Prevalence data are important for assessing the burden of disease on the health care system; data on pituitary adenoma prevalence are very scarce. The objective of the study was to measure the prevalence of clinically relevant pituitary adenomas in a well-defined population. This was a cross-sectional, intensive, case-finding study performed in three regions of the province of Liège, Belgium, to measure pituitary adenoma prevalence as of September 30, 2005. The study was conducted in specialist and general medical practitioner patient populations, referral hospitals, and investigational centers. Three demographically and geographically distinct districts of the province of Liège were delineated precisely using postal codes. Medical practitioners in these districts were recruited, and patients with pituitary adenomas under their care were identified. Diagnoses were confirmed after retrieval of clinical, hormonal, radiological, and pathological data; full demographic and therapeutic follow-up data were collected in all cases. Sixty-eight patients with clinically relevant pituitary adenomas were identified in a population of 71,972 individuals; the mean (+/- sd) prevalence was 94 +/- 19.3 cases per 100,000 population (95% confidence interval, 72.2 to 115.8). The group was 67.6% female and had a mean age at diagnosis of 40.3 yr; 42.6% had macroadenomas and 55.9% underwent surgery. Prolactinomas comprised 66% of the group, with the rest having nonsecreting tumors (14.7%), somatotropinomas (13.2%), or Cushing's disease (5.9%); 20.6% had hypopituitarism. The prevalence of pituitary adenomas in the study population (one case in 1064 individuals) was more than 3.5-5 times that previously reported. This increased prevalence may have important implications when prioritizing funding for research and treatment of pituitary adenomas.
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              A consensus on criteria for cure of acromegaly.

              The Acromegaly Consensus Group met in April 2009 to revisit the guidelines on criteria for cure as defined in 2000. Participants included 74 neurosurgeons and endocrinologists with extensive experience of treating acromegaly. EVIDENCE/CONSENSUS PROCESS: Relevant assays, biochemical measures, clinical outcomes, and definition of disease control were discussed, based on the available published evidence, and the strength of consensus statements was rated. Criteria to define active acromegaly and disease control were agreed, and several significant changes were made to the 2000 guidelines. Appropriate methods of measuring and achieving disease control were summarized.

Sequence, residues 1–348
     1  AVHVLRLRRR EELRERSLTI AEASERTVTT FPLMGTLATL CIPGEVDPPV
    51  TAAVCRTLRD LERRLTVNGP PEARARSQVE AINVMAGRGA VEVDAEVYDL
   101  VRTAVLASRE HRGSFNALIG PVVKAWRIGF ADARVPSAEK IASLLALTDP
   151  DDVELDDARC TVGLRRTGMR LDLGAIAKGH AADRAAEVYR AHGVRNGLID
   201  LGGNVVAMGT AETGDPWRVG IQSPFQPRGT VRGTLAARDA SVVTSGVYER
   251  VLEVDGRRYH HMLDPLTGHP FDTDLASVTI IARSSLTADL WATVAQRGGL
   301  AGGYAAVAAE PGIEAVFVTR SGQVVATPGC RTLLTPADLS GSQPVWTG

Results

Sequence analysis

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                Author and article information

                Contributors
                +1503-494-0170 , +1503-346-6810 , fleseriu@ohsu.edu
                Journal
                Pituitary
                Pituitary
                Springer US (Boston )
                1386-341X
                1573-7403
                15 December 2010
                15 December 2010
                June 2011
                : 14-14
                : 2
                : 184-193
                Affiliations
                Departments of Neurological Surgery and Medicine, Northwest Pituitary Center, Oregon Health & Science University, 3181 SW Sam Jackson Park Road, (BTE 472), Portland, OR 97239 USA
                Article
                282
                10.1007/s11102-010-0282-z
                3094533
                21161602
                © The Author(s) 2010
                Categories
                Article
                Custom metadata
                © Springer Science+Business Media, LLC 2011

                Medicine

                acromegaly, lanreotide autogel®, dose optimization, octreotide lar